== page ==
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Judgment No. 4161

Decision

The complaint is dismissed.

Summary

The complainant challenges the validity of a settlement agreement.

Judgment keywords

Keywords

duress; settlement agreement; complaint dismissed

Consideration 4

Extract:

Contrary to the complainant’s arguments, the Tribunal’s case law in principle accepts notification by email (see Judgment 2966, consideration 8, and the case law cited therein). There is no reason to distinguish between emails sent to the staff member’s work address when he is employed and those sent to his private address once he has left the organisation. The Tribunal further considers that since the complainant had chosen his counsel’s office as his address for notification purposes, which the parties do not dispute, any notification made to that address is valid.
The decision’s notification to both the complainant and his counsel by both email and registered letter, and also the wording of the email, confused the complainant and led to an exchange of emails with the Deputy Director General concerning the start of the time limit for filing a complaint with the Tribunal. It is true that the Deputy Director General alerted the complainant to the terms of Article VII of the Statute of the Tribunal and advised him to consult his counsel about how to calculate the time limit. However, he did not inform him clearly of the date to take into account. The fact that the email stated that it contained only an advance copy of the decision and that the paper copy would be sent by registered post, and the failure of the email to indicate that the time limit would start to run on the date on which the email was received, could have misled the complainant and caused him to believe that the time limit only started to run on the date when the paper copy of the decision was received (for a similar case, see Judgment 3704, considerations 7 and 8). In this case, it is hence the later date that must be considered as the date on which the time limit for filing a complaint to the Tribunal started to run.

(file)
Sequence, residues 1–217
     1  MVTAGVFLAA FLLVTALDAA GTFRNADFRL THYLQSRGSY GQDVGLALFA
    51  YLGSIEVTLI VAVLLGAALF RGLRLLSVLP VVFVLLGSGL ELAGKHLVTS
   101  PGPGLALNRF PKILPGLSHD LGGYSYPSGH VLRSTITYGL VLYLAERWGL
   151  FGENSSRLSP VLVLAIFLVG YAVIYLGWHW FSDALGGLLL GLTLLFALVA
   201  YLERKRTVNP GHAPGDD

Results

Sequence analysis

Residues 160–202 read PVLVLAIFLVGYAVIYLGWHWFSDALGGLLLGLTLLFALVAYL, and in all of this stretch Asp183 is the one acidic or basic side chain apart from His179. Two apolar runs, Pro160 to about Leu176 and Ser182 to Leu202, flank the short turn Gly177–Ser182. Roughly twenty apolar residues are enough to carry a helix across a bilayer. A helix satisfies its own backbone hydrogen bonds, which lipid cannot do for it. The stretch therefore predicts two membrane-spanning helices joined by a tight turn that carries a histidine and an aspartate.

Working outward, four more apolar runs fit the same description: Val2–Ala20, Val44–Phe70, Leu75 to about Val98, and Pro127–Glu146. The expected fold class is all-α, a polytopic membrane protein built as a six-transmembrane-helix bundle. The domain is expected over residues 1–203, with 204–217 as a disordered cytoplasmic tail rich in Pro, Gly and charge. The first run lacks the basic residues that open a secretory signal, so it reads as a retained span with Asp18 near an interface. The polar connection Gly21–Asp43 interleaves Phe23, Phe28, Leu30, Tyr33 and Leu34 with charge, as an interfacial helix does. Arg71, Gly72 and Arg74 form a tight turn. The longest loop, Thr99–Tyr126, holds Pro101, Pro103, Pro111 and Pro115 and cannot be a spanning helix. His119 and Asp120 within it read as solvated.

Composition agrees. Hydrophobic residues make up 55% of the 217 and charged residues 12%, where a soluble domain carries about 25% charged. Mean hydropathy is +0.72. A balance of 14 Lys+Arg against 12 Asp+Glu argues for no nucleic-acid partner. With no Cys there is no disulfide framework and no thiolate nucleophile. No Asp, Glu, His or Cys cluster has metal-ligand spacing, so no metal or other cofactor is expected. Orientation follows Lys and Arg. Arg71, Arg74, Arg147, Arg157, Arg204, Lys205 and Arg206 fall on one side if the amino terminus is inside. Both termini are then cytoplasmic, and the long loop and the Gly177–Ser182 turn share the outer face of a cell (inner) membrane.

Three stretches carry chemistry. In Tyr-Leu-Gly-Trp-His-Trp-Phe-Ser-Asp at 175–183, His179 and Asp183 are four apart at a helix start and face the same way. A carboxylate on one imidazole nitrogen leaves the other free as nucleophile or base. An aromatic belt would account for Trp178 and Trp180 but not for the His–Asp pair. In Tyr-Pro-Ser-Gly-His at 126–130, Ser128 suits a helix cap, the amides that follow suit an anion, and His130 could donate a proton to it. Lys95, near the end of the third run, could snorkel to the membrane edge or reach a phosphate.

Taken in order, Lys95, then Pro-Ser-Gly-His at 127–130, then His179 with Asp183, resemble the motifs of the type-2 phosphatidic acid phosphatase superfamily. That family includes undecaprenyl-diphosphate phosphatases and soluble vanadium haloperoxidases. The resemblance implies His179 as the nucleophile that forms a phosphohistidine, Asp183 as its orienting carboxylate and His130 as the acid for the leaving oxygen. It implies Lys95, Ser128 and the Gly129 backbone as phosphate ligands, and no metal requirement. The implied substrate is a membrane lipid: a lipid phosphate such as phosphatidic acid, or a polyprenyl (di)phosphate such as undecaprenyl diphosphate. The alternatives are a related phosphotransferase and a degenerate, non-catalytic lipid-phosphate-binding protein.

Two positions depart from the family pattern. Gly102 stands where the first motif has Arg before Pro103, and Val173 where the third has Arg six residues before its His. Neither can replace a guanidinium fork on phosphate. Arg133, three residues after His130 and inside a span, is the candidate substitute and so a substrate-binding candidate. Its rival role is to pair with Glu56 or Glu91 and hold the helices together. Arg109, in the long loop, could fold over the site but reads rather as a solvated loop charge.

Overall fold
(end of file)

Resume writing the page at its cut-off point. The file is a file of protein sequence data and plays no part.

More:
Reference(s)

ILOAT reference: Article VII of the Statute
Jugement(s) TAOIT: 2966, 3704

Keywords

receivability of the complaint; notification; email; late filing

Consideration 4

Extract:

The complainant’s counsel – whose office the complainant had chosen as his address for notification purposes [...] – was notified of the paper copy of the decision on 14 September 2015. The time limit for filing the complaint hence expired on 13 December 2015. However, as that was a Sunday, the complaint could still be filed the next day (see Judgments 517, 2250, consideration 8, and 3034, consideration 14), as indeed occurred.

Reference(s)

Jugement(s) TAOIT: 517, 2250, 3034

Keywords

receivability of the complaint; late filing; sunday

Consideration 5

Extract:

WIPO challenges the complaint’s receivability secondly on the grounds that, by signing the settlement agreement, the complainant waived any right to challenge it.
However, since the complainant submits that he entered into that agreement under pressure which invalidated his consent, this question of receivability is, in this case, inseparable from the merits of the case (see Judgments 3424, consideration 12, and 4072, consideration 4). Indeed, the decision on the objection to receivability depends on the legal validity of the settlement agreement, which makes it necessary to consider the complainant’s pleas on the merits (for a similar approach, see Judgments 3610, consideration 6, and 3750, consideration 5).